NAB 2006: Television Beyond Broadcasting

In 2002, I gave a National Association of Broadcasters convention SuperSession keynote on Pervasive Video, AI and the Architecture of Content about how video would someday escape from the living room and would start turning up everywhere. Well, someday is here, and I’m going to NAB 2006 in Las Vegas this weekend to report on the latest developments. The big buzz is around mobile phones, the so-called "Third Screen," but this year’s program highlights IPTV, Mobile, Podcasting, HDTV plus Ultra HD and Digital Cinema. If you’re at the show, let’s hook up. I’ll be checking in at the press room and the better parties, and I’ll be writing about what I see and what it means right here.

50,000 Fewer Dead in 2004

The annual death rate in the United States declined by 49,945 in 2004 according to a report released this week by the National Center for Health Statistics. The preliminary count of U.S. deaths in 2004 was 2,398,343 versus 2,448,288 recorded in 2003. (In the same period, the overall population grew by an estimated 2.8 million.) An Associated Press story by Mike Stobbe gave some details:

Heart disease continues to be the leading cause of death, accounting
for 27 percent of the nation’s deaths in 2004. Cancer was second, at
about 23 percent, and strokes were third, at 6 percent.

The good news: The age-adjusted death rate for all three killers
dropped. The heart disease rate declined more than 6 percent, the
cancer rate about 3 percent, and the stroke rate about 6.5 percent.

"It’s kind of
historical," said the report’s lead author Arialdi Minino. A six percent drop in cancer and stroke death is a good thing, unles your job is raising money: "We will not make much of this until the final data come out," said
Elizabeth Ward of the American
Cancer Society.

Ultimate Pop-Up Retail: Expoships’ Seafair

Expoship2One of the most interesting ideas at the SISO trade show CEO Forum was David Lester’s Seafair Grande Luxe, a custom-built show yacht that will travel up and down the U.S. East Coast with a movable exposition. From the web site:

Targeting 34 affluent markets during an 11-month annual voyage, the world’s   first luxury exposition megayacht, Grand Luxe,
will undoubtedly be a spectacular attraction as it visits each port.
Prestigious art dealers, antique dealers and jewelers from New York,
London, and Paris will welcome collectors and connoisseurs to their
individual “galleries at sea.”

Sisologo_5The Flash-heavy web site is a little hard to get around, but the idea of a first class retail experience appearing at the local yacht basin is brilliant. Briefings from the excellent describe the recent occurences of Pop-Up Retail in which sellers like Target, Levis, Sharp, eBay and Crown Royal create limited-time shops that showcase their brands on high-end shopping streets or in buses, minivans or even Hummers. According to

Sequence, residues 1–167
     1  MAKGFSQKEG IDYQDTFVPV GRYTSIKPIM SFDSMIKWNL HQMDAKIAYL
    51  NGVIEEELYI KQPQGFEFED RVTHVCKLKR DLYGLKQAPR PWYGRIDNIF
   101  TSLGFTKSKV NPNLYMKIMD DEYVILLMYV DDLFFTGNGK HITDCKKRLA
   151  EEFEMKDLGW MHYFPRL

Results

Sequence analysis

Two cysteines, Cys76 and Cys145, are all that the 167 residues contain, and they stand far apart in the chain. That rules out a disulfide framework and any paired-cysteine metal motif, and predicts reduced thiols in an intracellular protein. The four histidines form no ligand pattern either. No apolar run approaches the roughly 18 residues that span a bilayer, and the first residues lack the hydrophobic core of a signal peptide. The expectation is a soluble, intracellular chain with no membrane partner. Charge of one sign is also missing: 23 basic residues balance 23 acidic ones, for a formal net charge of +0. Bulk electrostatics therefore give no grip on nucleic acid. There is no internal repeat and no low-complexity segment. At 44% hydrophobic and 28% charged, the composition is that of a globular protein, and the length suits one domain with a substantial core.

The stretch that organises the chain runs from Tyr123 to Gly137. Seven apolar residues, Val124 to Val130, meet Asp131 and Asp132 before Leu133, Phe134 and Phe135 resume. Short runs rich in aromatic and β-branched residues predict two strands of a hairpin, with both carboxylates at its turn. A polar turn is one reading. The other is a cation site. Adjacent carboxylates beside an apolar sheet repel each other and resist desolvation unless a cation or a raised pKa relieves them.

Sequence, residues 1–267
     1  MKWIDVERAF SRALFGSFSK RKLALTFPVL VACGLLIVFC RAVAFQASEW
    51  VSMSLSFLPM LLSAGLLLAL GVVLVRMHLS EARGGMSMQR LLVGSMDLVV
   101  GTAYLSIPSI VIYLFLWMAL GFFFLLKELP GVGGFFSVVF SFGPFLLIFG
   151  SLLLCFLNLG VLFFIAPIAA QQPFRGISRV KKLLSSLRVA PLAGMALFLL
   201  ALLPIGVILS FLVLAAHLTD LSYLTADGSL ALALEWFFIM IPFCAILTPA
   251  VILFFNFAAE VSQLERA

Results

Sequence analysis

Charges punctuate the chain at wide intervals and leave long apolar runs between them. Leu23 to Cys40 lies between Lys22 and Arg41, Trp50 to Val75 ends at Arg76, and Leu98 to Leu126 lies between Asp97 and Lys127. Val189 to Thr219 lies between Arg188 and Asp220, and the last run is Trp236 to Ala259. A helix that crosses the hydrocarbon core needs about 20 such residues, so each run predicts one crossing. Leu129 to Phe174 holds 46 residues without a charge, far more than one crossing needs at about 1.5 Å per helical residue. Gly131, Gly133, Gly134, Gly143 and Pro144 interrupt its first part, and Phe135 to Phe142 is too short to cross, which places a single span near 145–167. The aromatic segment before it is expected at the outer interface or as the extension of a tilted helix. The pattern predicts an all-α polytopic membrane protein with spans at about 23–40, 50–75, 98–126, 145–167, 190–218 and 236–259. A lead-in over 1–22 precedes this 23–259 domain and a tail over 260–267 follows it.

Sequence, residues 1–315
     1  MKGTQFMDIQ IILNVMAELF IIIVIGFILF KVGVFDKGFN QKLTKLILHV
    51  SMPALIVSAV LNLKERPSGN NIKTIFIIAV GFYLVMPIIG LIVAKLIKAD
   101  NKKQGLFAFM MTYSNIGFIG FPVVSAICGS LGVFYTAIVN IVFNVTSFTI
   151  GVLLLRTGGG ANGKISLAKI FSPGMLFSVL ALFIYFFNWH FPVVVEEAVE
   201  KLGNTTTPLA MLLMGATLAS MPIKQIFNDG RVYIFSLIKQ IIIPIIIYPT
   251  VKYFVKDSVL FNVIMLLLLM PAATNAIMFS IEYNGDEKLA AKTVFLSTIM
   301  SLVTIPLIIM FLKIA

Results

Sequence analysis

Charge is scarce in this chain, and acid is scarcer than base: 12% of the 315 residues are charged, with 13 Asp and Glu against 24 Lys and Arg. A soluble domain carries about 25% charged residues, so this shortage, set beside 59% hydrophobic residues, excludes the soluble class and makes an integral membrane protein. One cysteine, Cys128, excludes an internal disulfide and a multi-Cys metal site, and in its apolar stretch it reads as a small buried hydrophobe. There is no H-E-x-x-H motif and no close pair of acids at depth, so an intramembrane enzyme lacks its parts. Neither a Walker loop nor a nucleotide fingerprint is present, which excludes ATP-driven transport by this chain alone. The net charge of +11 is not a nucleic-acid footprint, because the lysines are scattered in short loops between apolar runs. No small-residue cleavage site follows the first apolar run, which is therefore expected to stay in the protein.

POP-UP RETAIL fits right in with the Entertainment
Economy, the Experience Economy, the Surprise Economy, with
MASSCLUSIVITY, and so on. It’s about surprising consumers
with temporary ‘performances’, guaranteeing exclusivity
because of the limited time span. It’s about buzz, and about
new try-out and testing techniques. It provides visibility
for e-tailers and allows ‘real-world’ companies to enter
uncharted markets on the cheap. In short, it’s one of those
trends that should be incorporated in every existing and
new marketing and advertising strategy.

(Thanks to JB for the link.)

SISO CEO Forum: Intense, Entertaining, Social, Star-Studded, Aspirational

Siso06dais_1The Society of Independent Show Organizers SISO CEO Forum this past weekend in Charlotte, NC hit every high point on my list of a successful event’s SHOW BIZ features. It was …

Two days of well-organized seminars, roundtables and networking opps that kept people busy from 8 am until past midnight  in a venue that wasn’t near any distractions.
It’d be hard for people who put on trade shows for a living to be anything less than interesting, friendly, practical, funny and smart, so the audience was at least as much fun as the speakers.
Because it’s such a small industry, almost everybody knows everybody else or has worked for or hired or sold to everybody else so it’s easy to get a conversation started.
Some of the richest companies — and several of the richest people — in the trade show business rubbed elbows with entrepreneurs, investors, start-up teams and famous experts.   
With lots of examples of how to do things right and how to screw things up, how to make good money and how to make good business, attendees could visualize how they’ll build their companies, manage their careers, and craft great shows.

Full disclosure: I spoke (for a fee) on "Next Generation Marketing: The Challenge of On-Line Society."  The slides are available on-line in a big PDF file, one of the few legitimate uses of PDF that I described in my section about web design.